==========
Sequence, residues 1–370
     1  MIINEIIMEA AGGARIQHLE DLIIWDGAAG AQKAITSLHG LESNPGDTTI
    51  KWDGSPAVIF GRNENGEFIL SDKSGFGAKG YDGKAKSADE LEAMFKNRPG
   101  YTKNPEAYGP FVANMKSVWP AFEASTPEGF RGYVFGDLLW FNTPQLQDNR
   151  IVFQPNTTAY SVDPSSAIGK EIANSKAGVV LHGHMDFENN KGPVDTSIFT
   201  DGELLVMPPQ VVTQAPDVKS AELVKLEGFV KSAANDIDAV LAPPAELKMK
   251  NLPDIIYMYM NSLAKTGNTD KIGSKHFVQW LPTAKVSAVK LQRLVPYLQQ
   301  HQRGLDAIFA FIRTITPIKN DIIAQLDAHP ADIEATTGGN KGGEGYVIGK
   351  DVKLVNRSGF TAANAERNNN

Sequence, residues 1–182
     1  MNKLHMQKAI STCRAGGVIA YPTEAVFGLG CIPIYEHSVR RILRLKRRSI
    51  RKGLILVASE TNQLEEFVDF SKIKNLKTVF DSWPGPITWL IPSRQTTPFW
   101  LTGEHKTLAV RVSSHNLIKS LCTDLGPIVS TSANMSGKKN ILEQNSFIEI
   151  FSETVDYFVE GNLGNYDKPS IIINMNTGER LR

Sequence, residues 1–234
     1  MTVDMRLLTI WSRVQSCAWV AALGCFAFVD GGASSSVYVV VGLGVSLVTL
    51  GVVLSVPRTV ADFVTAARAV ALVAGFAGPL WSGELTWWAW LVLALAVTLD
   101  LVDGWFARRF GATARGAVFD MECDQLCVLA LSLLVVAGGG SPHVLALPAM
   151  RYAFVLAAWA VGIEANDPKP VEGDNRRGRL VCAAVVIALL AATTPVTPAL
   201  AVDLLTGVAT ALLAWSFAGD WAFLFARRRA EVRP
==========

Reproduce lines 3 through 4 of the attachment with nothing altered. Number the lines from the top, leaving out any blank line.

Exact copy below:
    51  KWDGSPAVIF GRNENGEFIL SDKSGFGAKG YDGKAKSADE LEAMFKNRPG
   101  YTKNPEAYGP FVANMKSVWP AFEASTPEGF RGYVFGDLLW FNTPQLQDNR